Can you see how a feeling of rightness can either galvanize or destroy your revenue strategy? I believe this is why Peter Drucker famously said, “Culture eats strategy for breakfast.”

When culture is healthy, people can anchor their decisions to execute a strategy that feels right. As a result, they unleash an unlimited capacity for effectiveness. They use their collective sense of rightness to invite accountability. To create engagement. To drive empowerment. To generate clarity.

When culture is unhealthy, the accountability, engagement, empowerment and clarity needed are at best limited.


How is your culture affecting the execution of your revenue strategy? Can you see where things are working — and where they are not? Can you see how decisions are being made that reflect the culture? More importantly, what can you do about it?


I promised at the very beginning of this series to help you do three things:

  1. Diagnose and pinpoint where your own execution is breaking down.
  2. Generate quick successes to unblock your execution.
  3. Tailor your value proposition for your customers based on what will help them most.

As we close this article, please allow me to reinforce points 1 and 2.

To drive greater execution of your revenue strategy, pinpoint the breakdowns. Start with inspecting the five factors:

  1. Clarity: Are the goals AND roles clear, aligned and prioritized?
  2. Empowerment: Does everyone have the people, time, energy and resources they need to fully execute (and not just launch the plan)?
  3. Engagement: Is de-motivation keeping the team’s full capacity from being released?
  4. Accountability: Is trust genuinely in place and transparency not being limited?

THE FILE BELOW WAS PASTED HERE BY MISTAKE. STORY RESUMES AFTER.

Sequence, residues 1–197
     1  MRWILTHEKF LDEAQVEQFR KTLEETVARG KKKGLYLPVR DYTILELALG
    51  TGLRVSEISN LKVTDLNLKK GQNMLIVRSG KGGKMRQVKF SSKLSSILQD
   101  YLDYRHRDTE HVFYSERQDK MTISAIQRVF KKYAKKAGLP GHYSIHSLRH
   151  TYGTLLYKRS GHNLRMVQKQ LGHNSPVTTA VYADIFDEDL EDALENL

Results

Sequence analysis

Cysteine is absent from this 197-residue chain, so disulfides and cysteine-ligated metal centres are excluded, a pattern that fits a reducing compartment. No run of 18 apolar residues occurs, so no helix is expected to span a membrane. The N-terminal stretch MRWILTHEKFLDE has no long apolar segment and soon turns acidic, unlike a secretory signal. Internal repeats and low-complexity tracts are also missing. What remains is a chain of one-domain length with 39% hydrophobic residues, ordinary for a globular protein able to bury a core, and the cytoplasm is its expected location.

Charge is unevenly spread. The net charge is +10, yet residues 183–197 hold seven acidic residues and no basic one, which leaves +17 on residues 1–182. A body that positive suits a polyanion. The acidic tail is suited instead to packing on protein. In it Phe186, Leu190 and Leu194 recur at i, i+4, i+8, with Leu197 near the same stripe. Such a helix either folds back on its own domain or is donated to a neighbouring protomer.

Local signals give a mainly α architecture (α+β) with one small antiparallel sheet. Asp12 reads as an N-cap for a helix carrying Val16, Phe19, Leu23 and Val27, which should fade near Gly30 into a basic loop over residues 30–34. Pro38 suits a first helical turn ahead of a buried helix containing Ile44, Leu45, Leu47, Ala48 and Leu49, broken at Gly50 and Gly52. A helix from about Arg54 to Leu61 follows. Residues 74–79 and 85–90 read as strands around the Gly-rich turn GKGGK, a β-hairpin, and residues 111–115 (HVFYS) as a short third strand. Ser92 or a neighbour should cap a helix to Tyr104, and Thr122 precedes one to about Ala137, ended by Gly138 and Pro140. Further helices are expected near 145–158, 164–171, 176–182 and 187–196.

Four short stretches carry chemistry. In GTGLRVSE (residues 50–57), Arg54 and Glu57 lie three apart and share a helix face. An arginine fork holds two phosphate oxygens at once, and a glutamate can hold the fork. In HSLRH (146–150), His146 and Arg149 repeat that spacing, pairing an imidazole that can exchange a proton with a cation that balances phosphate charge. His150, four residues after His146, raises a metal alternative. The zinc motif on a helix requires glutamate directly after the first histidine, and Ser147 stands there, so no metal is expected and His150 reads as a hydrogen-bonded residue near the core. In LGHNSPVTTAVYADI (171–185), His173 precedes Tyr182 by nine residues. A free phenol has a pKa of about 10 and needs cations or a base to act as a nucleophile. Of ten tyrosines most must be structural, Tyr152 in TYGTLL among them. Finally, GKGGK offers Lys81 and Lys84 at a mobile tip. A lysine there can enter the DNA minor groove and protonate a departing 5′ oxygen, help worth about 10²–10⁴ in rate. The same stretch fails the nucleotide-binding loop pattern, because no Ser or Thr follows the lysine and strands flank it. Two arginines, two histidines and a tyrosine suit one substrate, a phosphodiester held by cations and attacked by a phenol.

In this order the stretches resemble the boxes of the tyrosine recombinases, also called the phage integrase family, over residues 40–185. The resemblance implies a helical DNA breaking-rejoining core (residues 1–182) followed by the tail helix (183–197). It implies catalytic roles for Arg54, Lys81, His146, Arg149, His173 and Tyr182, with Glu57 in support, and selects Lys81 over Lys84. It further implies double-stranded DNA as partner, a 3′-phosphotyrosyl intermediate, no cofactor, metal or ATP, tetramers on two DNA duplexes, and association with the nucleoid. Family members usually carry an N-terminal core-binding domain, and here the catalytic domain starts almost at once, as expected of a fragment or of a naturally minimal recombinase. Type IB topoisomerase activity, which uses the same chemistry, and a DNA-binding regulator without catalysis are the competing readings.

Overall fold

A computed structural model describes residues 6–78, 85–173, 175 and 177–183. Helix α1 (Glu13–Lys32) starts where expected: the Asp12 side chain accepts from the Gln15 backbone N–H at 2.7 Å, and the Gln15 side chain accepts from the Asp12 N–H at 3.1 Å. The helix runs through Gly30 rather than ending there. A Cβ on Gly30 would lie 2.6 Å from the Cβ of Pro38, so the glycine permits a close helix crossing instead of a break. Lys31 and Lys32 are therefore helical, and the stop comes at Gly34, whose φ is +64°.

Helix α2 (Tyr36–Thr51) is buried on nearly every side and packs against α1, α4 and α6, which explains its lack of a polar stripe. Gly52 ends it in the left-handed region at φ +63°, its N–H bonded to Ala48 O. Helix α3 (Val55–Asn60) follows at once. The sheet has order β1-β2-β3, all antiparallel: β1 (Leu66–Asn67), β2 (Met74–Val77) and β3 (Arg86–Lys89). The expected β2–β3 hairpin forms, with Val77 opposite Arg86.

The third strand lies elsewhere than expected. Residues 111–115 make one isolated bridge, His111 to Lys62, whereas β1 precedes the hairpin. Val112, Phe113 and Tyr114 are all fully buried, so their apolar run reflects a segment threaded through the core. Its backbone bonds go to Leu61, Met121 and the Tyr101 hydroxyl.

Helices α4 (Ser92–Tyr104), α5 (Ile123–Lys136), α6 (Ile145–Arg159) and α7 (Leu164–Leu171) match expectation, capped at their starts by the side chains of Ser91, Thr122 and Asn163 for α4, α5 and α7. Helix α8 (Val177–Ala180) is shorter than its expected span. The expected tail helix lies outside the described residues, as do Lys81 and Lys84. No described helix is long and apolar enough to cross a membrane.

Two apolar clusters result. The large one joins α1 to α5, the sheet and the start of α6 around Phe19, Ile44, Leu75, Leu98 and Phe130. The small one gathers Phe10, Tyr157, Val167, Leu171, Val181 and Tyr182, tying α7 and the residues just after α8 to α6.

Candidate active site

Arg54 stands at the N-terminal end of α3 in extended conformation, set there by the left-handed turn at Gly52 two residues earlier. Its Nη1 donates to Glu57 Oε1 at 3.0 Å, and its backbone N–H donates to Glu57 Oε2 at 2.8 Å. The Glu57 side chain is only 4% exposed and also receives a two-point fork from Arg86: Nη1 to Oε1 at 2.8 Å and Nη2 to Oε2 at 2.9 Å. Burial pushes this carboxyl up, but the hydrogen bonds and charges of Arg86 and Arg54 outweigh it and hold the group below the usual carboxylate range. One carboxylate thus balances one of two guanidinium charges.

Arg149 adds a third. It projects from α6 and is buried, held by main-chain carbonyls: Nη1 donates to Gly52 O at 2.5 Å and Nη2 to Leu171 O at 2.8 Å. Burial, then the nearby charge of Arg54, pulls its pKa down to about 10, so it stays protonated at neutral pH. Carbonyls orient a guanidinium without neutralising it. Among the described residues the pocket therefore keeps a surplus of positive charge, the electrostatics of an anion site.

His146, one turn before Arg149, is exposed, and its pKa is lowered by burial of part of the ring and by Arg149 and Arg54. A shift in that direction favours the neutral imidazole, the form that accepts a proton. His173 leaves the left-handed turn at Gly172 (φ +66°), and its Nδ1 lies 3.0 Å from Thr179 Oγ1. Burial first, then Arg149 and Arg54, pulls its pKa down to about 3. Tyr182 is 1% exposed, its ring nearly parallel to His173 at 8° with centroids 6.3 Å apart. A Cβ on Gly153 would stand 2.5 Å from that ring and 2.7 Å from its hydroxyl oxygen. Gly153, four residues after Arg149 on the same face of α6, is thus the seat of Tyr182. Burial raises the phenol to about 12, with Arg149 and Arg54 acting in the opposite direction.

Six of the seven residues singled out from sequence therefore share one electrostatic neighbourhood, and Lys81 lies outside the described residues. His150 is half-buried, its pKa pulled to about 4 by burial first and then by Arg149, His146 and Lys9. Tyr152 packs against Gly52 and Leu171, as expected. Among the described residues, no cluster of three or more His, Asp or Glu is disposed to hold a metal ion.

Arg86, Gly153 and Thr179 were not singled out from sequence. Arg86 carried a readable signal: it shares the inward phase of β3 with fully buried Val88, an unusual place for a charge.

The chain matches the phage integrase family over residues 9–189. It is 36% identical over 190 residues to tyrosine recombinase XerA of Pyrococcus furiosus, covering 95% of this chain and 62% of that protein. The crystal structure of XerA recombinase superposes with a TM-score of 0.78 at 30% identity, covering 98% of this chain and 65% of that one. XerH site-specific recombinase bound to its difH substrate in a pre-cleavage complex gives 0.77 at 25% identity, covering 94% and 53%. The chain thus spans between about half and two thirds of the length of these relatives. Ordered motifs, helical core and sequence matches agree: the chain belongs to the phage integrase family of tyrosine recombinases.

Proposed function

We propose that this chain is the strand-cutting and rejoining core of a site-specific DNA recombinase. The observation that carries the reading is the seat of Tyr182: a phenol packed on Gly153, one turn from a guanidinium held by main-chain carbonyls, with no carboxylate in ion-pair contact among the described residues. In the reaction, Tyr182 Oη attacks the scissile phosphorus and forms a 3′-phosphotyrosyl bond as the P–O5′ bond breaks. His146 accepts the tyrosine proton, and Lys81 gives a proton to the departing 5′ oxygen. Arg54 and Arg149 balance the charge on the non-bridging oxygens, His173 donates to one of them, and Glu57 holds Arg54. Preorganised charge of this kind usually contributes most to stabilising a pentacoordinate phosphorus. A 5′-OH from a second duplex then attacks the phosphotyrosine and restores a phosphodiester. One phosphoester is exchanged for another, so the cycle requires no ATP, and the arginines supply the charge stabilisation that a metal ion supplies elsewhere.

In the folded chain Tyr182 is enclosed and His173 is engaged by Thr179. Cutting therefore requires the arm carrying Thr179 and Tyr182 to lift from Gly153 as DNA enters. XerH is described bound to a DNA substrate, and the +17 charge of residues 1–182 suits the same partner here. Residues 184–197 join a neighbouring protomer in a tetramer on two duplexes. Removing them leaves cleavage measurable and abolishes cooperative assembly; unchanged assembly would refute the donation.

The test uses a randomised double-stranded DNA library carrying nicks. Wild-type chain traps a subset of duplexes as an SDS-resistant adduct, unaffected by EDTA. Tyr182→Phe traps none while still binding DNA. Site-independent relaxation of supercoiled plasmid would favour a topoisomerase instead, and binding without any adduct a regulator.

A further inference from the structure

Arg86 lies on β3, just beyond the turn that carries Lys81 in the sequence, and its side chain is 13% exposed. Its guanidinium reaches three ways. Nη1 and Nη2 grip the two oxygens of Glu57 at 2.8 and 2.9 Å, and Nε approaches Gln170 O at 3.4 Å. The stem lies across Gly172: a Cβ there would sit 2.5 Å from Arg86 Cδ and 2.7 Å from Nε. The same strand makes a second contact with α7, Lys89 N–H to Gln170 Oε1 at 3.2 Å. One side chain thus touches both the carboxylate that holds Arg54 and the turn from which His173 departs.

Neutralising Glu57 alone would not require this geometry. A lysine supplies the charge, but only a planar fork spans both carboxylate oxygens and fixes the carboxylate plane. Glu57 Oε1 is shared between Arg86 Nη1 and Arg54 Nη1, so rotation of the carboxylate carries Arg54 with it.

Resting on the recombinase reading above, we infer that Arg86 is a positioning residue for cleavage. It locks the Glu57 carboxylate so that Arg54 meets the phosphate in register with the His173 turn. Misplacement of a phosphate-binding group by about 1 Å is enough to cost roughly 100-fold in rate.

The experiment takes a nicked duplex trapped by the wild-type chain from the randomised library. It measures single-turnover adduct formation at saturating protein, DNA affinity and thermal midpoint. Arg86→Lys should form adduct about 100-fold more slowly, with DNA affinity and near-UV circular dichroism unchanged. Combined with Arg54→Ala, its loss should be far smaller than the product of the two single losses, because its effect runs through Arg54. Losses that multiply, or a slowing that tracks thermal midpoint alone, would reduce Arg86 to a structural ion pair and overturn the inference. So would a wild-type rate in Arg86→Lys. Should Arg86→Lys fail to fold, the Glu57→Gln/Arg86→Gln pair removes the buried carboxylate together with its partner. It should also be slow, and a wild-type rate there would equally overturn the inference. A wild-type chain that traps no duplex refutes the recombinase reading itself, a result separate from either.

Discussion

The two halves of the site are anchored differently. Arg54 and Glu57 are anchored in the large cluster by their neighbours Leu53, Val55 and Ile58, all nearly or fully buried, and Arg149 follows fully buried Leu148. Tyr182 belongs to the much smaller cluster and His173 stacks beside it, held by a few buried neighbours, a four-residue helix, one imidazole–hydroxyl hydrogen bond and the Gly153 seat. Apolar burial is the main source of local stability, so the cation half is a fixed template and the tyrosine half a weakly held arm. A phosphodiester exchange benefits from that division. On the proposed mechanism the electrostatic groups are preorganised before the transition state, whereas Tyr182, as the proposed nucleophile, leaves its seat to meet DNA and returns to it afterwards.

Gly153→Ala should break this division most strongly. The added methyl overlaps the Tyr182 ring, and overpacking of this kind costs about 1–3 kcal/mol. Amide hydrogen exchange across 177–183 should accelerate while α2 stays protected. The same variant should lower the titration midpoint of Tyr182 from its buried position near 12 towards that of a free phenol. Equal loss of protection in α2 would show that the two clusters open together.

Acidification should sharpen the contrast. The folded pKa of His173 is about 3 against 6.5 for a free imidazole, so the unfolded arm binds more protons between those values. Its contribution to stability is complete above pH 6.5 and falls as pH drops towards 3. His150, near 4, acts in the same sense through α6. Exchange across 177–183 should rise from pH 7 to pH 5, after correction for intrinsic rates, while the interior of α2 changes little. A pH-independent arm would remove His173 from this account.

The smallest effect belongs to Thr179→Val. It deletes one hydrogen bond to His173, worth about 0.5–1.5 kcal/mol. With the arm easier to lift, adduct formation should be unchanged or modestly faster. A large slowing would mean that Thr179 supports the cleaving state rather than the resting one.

5. Culture: Is everyone’s sense of “rightness” healthy and aligned around both what the revenue strategy is meant to achieve AND how decisions will be made to execute?

You may find that there are gaps in every component above. That is normal. The key is now deciding where to generate quick wins to unblock your execution.

As previously discussed, start at clarity and work down the list. If improving goal and role clarity gets execution back on track, well done. That should be enough for now. If improving clarity did not unblock execution, address empowerment. Repeat the process until you have done everything can to start delivering the intended results.


In my next and final article, I will get into how to actually address culture in way that changes it. I will also link everything back to how you tailor your value proposition for your customers.

But let me leave you with a very important reminder: be kind to yourself.

Fixing how the organization executes the revenue strategy is hard work. If the obstacles are not easy to address, give them time — and keep working at it. If you discover that your leadership is the source of the problem, simply acknowledge it and do what needs to be done now that you have greater insight. And if you discover that the organization has gaps that cannot be fixed, know that this is also normal. You are not alone.

Influence what you can … and trust the journey.